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Barnstorming Teams

Rather than play in an organized league, barnstorming teams scheduled their own games as they traveled all over the country. Many of the barnstorming teams would also play games in Canada and Mexico.  Barnstorming teams would play a wide range of opponents that included: Negro “League” teams, professional teams, semipro teams, other barnstorming teams, local town teams and industrial league teams. Barnstorming teams would play all “comers” including both black and white teams.

Some of the most important barnstorming baseball teams included:

·         Brooklyn Royal Giants

·         Indianapolis Clowns

·         Chappie Johnson’s All-Stars

·         Negro National League All-Stars

·         Chicago Union Giants

·         Page Fence Giants

·         Colored House of David

·         Satchel Paige’s All-Stars

·         Cuban X Giants

·         St. Louis Browns

·         Cuban Stars

·         Tennessee Rats

·         Harlem Globetrotters baseball team

·         Zulu Cannibal Giants

 

Cuban Starts (c. 1920's)

Cuban Starts (c. 1920's)

Many of the Negro “League” teams also barnstormed when the “league” season was over. In addition it was a common practice in Negro “League” baseball to form an all-star team featuring a marquee player (s) after the season to play a barnstorming schedule.  For example in 1936, the Negro National League formed an all-star team that traveled across the country and even won the prestigious Denver Post Tournament. The Negro National League All-Stars featured five (5) future Hall of Fame players: Josh Gibson, Cool Pappa Bell, Buck Leonard, Satchel Paige and Ray Brown. However, Satchel Paige’s All-Stars was by far the biggest draw of the barnstorming teams. Paige would often tour with Bob Feller’s All-Stars or Dizzy Dean’s All-Stars.  Games featuring Satchel Paige’s team versus Bob Feller’s Major League all-star team would play to sold out Major League stadiums all over the United States. Satchel Paige had such a presence in barnstorming baseball that he even had his own private airplane to fly his team from game to game.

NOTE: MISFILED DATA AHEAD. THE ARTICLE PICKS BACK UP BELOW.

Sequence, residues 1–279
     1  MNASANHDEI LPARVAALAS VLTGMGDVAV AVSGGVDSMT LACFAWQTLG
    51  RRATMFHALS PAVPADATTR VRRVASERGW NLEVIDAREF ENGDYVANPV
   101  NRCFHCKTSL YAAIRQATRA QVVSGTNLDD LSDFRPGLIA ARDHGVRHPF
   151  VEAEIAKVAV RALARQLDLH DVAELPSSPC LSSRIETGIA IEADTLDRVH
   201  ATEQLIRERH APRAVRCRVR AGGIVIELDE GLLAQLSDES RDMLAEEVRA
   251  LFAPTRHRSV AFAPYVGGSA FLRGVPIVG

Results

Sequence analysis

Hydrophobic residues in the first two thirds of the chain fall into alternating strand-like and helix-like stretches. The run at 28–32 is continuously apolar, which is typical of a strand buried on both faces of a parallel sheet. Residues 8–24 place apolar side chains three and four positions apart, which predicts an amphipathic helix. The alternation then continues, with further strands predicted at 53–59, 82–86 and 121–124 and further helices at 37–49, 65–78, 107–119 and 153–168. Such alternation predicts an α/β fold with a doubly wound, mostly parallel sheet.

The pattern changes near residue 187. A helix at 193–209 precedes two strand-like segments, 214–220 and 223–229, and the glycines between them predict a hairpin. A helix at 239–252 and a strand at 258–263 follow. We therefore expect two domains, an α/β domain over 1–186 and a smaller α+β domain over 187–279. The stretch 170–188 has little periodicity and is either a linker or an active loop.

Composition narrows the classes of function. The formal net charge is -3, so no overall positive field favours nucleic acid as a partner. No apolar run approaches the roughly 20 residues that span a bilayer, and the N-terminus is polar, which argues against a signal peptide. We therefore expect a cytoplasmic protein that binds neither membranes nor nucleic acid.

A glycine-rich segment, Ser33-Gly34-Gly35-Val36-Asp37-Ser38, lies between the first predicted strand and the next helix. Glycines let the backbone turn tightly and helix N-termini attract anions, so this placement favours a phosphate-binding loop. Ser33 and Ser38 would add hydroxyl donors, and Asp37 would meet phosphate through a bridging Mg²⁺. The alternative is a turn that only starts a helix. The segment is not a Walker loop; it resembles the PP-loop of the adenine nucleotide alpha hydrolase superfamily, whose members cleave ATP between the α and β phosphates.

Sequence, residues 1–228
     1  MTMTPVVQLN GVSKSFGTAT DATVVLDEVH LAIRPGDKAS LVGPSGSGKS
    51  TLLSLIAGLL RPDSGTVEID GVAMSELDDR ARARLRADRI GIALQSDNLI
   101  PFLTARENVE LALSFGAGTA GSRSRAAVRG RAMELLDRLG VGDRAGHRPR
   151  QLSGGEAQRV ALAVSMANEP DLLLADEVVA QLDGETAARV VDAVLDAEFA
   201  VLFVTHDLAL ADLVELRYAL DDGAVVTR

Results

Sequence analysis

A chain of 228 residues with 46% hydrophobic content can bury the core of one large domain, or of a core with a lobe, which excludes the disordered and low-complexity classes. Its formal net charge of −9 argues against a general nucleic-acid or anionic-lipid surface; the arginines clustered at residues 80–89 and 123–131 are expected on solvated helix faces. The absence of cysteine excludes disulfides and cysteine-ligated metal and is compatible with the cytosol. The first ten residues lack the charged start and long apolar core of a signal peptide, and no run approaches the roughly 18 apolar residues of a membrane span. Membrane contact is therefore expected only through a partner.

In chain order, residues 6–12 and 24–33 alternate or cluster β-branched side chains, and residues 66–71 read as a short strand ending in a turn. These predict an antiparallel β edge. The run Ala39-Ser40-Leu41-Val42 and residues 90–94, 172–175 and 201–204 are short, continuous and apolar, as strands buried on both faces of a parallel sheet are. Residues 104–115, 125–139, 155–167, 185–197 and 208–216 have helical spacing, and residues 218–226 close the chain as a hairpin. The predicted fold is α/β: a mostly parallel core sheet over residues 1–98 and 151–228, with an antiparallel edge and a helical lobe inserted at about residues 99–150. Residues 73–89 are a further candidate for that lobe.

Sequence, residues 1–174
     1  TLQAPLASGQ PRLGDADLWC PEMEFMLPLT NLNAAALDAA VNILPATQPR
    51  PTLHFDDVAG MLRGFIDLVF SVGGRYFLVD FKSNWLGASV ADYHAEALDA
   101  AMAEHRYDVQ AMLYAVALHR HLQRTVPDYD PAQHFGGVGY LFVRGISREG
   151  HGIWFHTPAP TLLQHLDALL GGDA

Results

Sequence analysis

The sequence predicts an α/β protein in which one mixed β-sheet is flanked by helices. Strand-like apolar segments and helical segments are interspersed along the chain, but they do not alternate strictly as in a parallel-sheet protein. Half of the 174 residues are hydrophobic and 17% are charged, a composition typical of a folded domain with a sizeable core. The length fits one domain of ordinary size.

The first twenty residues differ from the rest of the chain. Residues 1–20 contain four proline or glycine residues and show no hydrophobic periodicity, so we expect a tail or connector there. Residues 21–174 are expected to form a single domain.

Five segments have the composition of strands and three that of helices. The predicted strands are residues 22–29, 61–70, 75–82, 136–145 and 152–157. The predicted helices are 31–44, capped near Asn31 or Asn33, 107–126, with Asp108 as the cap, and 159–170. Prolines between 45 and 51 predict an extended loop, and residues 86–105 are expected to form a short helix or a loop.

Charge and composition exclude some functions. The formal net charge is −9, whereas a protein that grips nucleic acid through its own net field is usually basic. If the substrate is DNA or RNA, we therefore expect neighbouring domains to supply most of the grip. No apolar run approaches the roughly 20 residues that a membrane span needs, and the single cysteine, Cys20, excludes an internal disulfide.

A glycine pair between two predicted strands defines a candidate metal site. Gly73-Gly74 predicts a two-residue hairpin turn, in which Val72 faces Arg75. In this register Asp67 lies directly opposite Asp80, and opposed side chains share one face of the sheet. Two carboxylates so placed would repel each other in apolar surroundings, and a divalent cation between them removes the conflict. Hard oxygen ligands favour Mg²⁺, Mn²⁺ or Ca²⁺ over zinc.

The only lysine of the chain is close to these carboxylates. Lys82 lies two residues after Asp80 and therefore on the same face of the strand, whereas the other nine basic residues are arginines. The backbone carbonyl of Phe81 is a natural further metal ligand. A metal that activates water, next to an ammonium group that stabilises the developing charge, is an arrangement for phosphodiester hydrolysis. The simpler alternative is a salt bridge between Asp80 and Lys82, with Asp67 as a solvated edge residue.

Negro “League “ teams would also drop out of the “league” to play a barnstorming schedule, which was more financially rewarding. The Kansas City Monarchs dropped out of the Negro National League for five seasons from 1932-1936 to barnstorm.  The Indianapolis Clowns dropped out of the Negro American League after the 1956 season and would continue to barnstorm under various owners until 1988. The Homestead Grays who began their career in 1912 as an independent barnstorming team (1912-1928) and had once been a dominant force in Negro League baseball played most of their last two seasons (1949-1950) as a barnstorming team.

When the Negro American League folded after the 1963 season , three former Negro “League” teams continued to barnstorm for several years. The Kansas City Monarchs under Ted Rasberry would barnstorm in the Great Lakes area and Canada until the late 1960’s. The Philadelphia Stars (no relation to the “original” Philadelphia Stars) would continue to barnstorm in the East and Canada till the late 1960’s. The Indianapolis Clowns under the ownership of Ed Hamman, then George Long and finally Dave Clark would play a full barnstorming season schedule until 1988.

Long grueling road trips were the staple of barnstorming baseball. This was especially difficult in the early years when transportation and traveling conditions were poor. Barnstorming was an important part of the history of black baseball in America.  With most of the Negro “League” teams concentrated in the north and northeast, most parts of the country would never have seen professional Negro League baseball had it not been for the barnstorming teams. Barnstorming baseball teams took high quality baseball featuring some of the biggest stars in black baseball to virtually every part of the country.

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